What one reviewer said about An Enemy of the People by Christopher Hampton, Henrik Johan Ibsen:
"An Enemy of the People," by Norwegian playwright Henrik Ibsen, has been published as part of the Dover Thrift Edition series (that's the version I read for purposes of this review). The Dover edition is a republication of an anonymous translation. The back cover data notes that the play was first staged in 1883.
"Enemy" tells the story of Dr. Thomas Stockmann, a medical officer for his town's public baths. When he discovers that the baths are contaminated and pose a health hazard, he is led into conflict with his brother Peter, who is the town's mayor. The tension increases as the drama moves towards its conclusion.
"Enemy" is an intriguing piece of literature. While reading it I was struck by how similar the story is to that of the classic film "Jaws": in both stories, a political leader is at odds with an idealistic public servant who is concerned about a danger involving public waters!
The play contains much thought-provoking dialogue. Ibsen looks at the interrelationships among politicians, the press, science, and the general public. His characters question issues of truth, authority, and majority rule. Dr. Stockmann begins as a noble character, but I thought he becomes too over-the-top and in some scenes is reduced to a shrill, dogmatic cartoon (especially when he delivers a bizarre rant about poodles and hens). I honestly wasn't sure what Ibsen was trying to accomplish in some of the doctor's more outrageous dialogue.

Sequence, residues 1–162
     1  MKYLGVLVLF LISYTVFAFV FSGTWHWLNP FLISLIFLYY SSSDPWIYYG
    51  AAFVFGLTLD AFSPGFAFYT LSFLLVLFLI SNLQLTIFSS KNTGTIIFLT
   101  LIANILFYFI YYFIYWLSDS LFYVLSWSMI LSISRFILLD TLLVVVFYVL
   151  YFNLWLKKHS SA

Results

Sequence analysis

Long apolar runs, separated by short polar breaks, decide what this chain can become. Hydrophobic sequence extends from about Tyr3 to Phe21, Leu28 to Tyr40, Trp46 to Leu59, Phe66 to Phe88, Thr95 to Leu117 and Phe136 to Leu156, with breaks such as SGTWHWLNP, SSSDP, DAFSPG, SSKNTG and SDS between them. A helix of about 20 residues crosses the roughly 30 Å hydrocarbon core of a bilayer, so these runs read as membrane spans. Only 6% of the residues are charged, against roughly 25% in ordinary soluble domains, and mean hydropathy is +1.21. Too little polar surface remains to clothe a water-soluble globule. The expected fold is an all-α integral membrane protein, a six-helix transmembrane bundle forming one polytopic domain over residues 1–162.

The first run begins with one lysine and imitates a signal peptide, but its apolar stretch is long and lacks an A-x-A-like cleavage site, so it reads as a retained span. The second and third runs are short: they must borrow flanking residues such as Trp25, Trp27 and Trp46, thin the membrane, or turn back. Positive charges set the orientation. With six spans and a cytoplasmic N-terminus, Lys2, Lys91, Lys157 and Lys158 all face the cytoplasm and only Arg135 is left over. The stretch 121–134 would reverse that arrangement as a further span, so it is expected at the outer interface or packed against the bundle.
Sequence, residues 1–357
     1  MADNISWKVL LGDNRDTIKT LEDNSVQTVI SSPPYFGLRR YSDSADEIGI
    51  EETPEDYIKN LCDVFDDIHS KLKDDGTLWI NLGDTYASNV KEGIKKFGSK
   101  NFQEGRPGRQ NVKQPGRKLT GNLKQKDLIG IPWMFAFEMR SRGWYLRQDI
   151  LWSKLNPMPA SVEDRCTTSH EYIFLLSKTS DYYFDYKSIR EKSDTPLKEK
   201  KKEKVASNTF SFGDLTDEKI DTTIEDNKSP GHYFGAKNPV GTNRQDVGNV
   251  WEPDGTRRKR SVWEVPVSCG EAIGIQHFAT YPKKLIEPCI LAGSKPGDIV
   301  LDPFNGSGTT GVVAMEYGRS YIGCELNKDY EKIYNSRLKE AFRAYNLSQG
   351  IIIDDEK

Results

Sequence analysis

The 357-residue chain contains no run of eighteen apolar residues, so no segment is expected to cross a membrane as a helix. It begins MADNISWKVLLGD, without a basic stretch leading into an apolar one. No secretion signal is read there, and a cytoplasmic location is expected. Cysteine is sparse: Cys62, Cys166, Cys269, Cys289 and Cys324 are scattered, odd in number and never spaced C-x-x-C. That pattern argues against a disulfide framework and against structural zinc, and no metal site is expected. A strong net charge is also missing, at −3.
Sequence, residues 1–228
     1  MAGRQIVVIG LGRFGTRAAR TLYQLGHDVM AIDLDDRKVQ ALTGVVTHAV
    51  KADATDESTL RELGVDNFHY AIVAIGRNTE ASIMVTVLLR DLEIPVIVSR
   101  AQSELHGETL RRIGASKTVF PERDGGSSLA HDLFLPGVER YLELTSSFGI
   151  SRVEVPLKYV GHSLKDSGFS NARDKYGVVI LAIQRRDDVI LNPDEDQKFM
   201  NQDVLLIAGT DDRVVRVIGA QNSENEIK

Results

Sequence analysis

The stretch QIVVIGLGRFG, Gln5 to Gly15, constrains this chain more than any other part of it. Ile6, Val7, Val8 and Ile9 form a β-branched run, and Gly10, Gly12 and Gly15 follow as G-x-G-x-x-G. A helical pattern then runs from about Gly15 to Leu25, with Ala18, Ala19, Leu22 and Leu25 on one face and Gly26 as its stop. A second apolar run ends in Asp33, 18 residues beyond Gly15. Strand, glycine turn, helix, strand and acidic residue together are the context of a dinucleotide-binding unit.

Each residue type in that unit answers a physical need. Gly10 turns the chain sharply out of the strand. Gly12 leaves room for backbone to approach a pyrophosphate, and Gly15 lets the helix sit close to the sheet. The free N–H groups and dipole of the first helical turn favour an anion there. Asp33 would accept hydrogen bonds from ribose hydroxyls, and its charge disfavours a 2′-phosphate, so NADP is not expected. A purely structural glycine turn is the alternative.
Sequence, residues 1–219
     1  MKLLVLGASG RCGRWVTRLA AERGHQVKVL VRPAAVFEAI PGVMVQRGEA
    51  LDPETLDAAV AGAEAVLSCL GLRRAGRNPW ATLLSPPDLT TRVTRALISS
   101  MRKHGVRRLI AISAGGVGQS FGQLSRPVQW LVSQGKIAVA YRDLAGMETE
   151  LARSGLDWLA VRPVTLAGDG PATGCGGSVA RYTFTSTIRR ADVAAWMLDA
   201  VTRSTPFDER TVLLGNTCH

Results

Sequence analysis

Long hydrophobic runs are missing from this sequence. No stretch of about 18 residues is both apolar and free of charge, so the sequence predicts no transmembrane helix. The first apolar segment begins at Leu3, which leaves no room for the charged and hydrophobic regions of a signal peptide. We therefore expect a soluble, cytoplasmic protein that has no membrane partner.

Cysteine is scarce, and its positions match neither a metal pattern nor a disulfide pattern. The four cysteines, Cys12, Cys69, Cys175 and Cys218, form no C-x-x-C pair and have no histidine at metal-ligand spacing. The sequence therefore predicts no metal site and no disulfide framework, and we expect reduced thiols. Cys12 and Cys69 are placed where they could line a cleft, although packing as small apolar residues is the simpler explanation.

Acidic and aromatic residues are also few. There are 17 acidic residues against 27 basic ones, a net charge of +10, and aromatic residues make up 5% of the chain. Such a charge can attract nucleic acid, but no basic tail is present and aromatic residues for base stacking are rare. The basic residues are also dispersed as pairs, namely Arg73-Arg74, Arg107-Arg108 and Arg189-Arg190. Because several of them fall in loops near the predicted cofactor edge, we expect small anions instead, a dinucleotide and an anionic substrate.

Still, "Enemy" remains a compelling piece of art. For an intriguing companion text, try "Inherit the Wind," by Jerome Lawrence and Robert E. Lee, which has some similar themes and motifs.
The play has clearly illustrated how nepotism has eroded public services and resources. It serves as a warning to corrupt officers.
Download An Enemy Of The People from Project Gutenberg
or find a paper copy
Other books by Henrik:
- Hedda Gabler
- The Lady From The Sea
- The Master Builder
- Pillars of Society
- When We Dead Awaken
- The Doll's House
- Early Plays
- Little Eyolf
- The Feast at Solhoug